The House on the Cliff

The House on the Cliff

What can you tell us about your new book The House on the Cliff?


It’s about a psychotherapist who discovers a murder in her client’s past.  At the same time, her marriage is in crisis. In the process of dealing with these problems, she endangers her life, but learns from her mistakes.

Jessica's character is a psychotherapist, so how much of your training as one has gone into this book?


I learned a lot in my training about the techniques psychotherapists use in their daily practice.  Today, psychotherapy is a well-known type of treatment, but people still don’t really know what it entails. So I wanted to explain the approach in a fictional setting.

You were a journalist out of University, so how has this affected your fiction writing?


I have a down-to-earth approach to it, I think. It’s a craft, as well as an art. You have to be prepared to revise, rewrite, and listen to criticism. It’s not just about inspiration – although that comes in to it, of course.

You have been making documentaries more recently, so tell us about these experiences.


I work for BBC radio, making documentaries, and more recently, writing radio drama.  With radio scripts, you have to make the words work as speech, not just on the written page. I think this has helped my fluency as a novelist.

You have been compared to Nicci French and Sophie Hannah, so how does this make you feel a writer?



This is your first book so can you tell us about the next in the series?


This is my first crime novel.  The next one is another Jessica Mayhew story, in which her client leads her into uncovering a scam in the art world. And another murder, of course.

Did you always know that the character of Jessica would be the basis of more than one book?


Definitely.  I conceived this from the start as a series. I liked the idea the central character is a psychotherapist, and with each new client, a new story unfolds.

What is your favourite novel?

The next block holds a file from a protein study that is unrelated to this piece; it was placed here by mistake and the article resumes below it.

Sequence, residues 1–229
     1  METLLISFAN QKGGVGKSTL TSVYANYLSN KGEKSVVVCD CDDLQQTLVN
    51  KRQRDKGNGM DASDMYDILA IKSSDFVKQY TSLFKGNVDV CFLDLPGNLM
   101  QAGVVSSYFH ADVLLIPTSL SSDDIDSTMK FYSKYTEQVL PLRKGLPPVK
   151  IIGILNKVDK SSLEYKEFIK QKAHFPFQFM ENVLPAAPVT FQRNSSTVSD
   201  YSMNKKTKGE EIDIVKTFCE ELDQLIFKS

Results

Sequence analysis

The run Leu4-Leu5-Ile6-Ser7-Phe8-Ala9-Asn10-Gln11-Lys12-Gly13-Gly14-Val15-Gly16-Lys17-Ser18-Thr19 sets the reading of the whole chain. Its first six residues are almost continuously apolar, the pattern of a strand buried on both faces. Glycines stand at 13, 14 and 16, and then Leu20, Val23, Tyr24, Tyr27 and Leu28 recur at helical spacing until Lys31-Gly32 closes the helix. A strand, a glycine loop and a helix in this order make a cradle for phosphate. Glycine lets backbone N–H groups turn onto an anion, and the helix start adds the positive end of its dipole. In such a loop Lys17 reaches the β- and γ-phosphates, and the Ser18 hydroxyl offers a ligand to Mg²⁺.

That’s a hard question. Probably Good Morning, Midnight by Jean Rhys.

Which authors do you feel have affected your writing?


Too many to name, but particularly Jean Rhys and Raymond Chandler.

Which authors do you most admire?


All the obvious ones like Dickens, Conrad, Scott Fitzgerald, Camus, and so on. But I also like comic novelists like P.G. Wodehouse.  Of more contemporary novelists, I’m a fan of Barbara Vine, Kate Atkinson, and Gillian Flynn.

What is your writing process?


After breakfast, I write solidly from 9am to 1pm.  I try not to look at emails or take telephone calls during this period.  I start by going over what I’ve written the day before, then consult my plot notes and decide what’s going to happen next.  After I’ve written a thousand words, I stop and go for a walk or a swim, then have lunch. In the afternoon, I deal with the emails and phone calls.  I always take evenings and weekends off.

Which author would you have dinner with if you could?


Soren Kierkegaard.

The novel touches upon some rather taboo subjects so what was the hardest part to write?


Sex scenes are always difficult.  It’s hard to be original, so I’ve made a rule that the scene has to advance character or plot. In the past, it was acceptable to have no sex at all in the book (look at Rebecca, by Daphne Du Maurier), but nowadays, readers are not content with dot dot dot!


What is next for you?


I’m in the process of writing the next Jessica Mayhew novel, provisionally entitled Mirror Twin. 


Female First Lucy Walton

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